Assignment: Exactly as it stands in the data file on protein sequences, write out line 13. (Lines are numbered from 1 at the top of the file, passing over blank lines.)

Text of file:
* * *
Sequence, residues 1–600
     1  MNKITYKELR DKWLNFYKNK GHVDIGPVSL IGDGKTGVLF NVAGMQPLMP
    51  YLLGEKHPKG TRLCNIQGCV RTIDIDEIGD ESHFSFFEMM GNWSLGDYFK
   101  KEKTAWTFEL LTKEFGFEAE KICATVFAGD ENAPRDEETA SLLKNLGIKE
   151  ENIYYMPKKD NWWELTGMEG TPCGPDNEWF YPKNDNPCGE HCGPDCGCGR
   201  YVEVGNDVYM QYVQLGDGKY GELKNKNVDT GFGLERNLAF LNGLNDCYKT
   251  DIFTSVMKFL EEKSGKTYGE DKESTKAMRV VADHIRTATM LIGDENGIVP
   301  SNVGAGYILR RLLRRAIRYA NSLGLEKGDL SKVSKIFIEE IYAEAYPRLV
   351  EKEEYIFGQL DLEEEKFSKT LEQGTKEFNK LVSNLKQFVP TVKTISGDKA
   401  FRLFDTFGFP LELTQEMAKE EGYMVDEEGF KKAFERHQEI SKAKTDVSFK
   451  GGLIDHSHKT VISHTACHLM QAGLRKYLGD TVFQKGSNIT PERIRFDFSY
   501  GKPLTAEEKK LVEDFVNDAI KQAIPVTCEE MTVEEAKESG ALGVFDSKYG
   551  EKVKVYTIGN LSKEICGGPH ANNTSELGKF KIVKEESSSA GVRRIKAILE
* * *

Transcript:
   551  EKVKVYTIGN LSKEICGGPH ANNTSELGKF KIVKEESSSA GVRRIKAILE